There is one more point to discuss with the Lutron Maestro occupancy sensor the OP asked about, and that is the distinction between the green and bare wires. Many devices that use the grounding conductor for return have a single connection to the grounding system, shared between the yoke ground connection and the return path from the internal circuits. However, the Lutron devices separate these, with the bare wire connected to the yoke and the green wire connected to the internal circuits. This allows them to be converted to neutral-based operation simply by slipping a sleeve of white spaghetti tubing over the green wire and nutting it in with the neutrals instead of the grounds (some higher-end Lutron Maestro devices already come with the tubing piece and instructions for its use, even).

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  • \$\begingroup\$ Nice explanation, thanks. I amazed the instructions don't talk about the possible neutral connection for the green wire. \$\endgroup\$ – RustyShackleford Nov 6 '18 at 20:37
  • \$\begingroup\$ How do you know this Lutron Maestro is the 1st of the 3 types you describe ? This means it doesn't suffer from the issues of the 2nd type. But connecting the green wire to a neutral is still a good idea to eliminate EGC currents. \$\endgroup\$ – RustyShackleford Nov 6 '18 at 20:39
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    \$\begingroup\$ @RustyShackleford -- the fact the instructions say it requires a ground wire is the tipoff \$\endgroup\$ – ThreePhaseEel Nov 6 '18 at 23:12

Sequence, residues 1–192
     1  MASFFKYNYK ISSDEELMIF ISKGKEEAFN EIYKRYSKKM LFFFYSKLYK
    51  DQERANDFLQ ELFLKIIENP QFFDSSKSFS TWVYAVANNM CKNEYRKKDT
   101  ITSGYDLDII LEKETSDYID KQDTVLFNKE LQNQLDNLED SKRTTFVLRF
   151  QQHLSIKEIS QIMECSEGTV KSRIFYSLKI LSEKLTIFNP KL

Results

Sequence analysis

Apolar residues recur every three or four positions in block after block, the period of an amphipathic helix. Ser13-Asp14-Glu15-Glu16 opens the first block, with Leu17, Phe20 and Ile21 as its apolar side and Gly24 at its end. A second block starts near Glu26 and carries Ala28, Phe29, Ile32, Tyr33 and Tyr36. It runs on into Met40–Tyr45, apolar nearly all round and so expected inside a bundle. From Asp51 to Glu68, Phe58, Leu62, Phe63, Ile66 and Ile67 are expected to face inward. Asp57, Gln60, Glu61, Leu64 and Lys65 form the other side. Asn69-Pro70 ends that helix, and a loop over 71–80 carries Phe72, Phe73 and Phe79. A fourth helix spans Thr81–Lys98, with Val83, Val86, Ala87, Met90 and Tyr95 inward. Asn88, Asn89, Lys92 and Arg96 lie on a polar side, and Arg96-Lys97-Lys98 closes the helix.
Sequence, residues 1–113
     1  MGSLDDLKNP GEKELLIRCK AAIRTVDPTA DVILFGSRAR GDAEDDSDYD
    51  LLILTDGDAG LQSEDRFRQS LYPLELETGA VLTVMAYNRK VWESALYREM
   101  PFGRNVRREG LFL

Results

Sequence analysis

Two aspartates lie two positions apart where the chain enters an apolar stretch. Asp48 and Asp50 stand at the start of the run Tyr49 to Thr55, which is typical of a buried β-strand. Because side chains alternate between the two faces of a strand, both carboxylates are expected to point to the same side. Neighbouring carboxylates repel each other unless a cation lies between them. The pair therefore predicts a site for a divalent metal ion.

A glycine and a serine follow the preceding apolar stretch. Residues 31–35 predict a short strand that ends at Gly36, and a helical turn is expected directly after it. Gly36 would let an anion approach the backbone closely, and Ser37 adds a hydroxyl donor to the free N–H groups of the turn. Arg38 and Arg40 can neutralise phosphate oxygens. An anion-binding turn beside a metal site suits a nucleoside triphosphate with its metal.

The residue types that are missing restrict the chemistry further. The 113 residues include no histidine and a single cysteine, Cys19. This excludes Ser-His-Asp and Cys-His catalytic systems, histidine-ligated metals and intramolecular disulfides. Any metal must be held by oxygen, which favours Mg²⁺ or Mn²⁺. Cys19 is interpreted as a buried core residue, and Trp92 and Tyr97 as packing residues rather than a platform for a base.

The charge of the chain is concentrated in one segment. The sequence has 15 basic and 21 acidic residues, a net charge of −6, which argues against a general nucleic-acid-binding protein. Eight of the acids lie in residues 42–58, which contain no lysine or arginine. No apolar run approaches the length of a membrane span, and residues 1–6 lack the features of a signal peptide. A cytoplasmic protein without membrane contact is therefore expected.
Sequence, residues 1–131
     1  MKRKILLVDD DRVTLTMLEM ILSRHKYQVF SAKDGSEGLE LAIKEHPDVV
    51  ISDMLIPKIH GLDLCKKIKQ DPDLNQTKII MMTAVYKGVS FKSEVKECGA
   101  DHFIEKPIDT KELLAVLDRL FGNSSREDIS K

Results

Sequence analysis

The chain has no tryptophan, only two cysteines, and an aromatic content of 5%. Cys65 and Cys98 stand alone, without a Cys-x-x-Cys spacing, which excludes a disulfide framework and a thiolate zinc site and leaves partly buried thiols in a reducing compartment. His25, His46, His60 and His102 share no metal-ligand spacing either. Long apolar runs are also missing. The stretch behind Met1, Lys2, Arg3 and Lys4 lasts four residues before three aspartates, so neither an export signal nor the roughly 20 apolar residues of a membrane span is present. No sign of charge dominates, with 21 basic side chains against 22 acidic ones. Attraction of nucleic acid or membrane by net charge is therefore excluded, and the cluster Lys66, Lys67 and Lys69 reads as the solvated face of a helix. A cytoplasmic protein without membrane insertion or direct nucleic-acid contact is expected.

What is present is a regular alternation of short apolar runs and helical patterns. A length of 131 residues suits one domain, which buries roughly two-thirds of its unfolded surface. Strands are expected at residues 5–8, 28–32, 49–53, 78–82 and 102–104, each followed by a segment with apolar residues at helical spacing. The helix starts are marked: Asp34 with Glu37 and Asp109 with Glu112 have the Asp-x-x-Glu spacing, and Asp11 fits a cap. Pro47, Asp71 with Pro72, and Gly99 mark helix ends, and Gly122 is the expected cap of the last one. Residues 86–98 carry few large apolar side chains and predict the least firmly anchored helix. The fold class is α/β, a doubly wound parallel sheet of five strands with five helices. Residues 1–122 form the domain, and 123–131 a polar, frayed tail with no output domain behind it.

• \$\begingroup\$ Hah ! I should read the text more and not just rely on the wiring drawing. Maybe I'll put a meter on it, but sure sounds like some current flows. Still seems odd that a component that defeats the intent of NEC 404.2(C) - preventing EGC from carrying switch operating current - would be legal while doing just that. Especially as there are the other approaches you describe. \$\endgroup\$ – RustyShackleford Nov 7 '18 at 3:20
  • \$\begingroup\$ @RustyShackleford -- the Code folks are working on getting new installs migrated over to using the neutral, but it's going to take a while \$\endgroup\$ – ThreePhaseEel Nov 7 '18 at 3:38
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These devices work by pulling power from the switch loop they occupy. When “off”, they trickle a little current through the load to get power. When “on”, they actually dim just a little bit, delaying turning on just a little so that they can trickle enough power to operate. When dimmed between, there is plenty of off-time to trickle current through.

So the advantage is not needing a neutral, which is great for older houses that do not have neutrals in switch boxes. The disadvantages are that when off, enough current may trickle through to make CFL or LED light glow dimly or flash and when on, the light is not full bright.

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Dimmers and sensors that do not require neutral use the load to power themselves.
This is a problem when the load lights up at the slightest current, such as LED lights.

Which is why they have a minimum load and are often not capable of switching LED lights.

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  • \$\begingroup\$ So a tiny current is allowed to flow between the line and load terminals, and somehow the logic is in series with that path, so that tiny current flows through the logic and powers it ? With maybe some sort of current-to-voltage level shifter or transformer or something to give the logic what it needs ? \$\endgroup\$ – RustyShackleford Nov 6 '18 at 7:41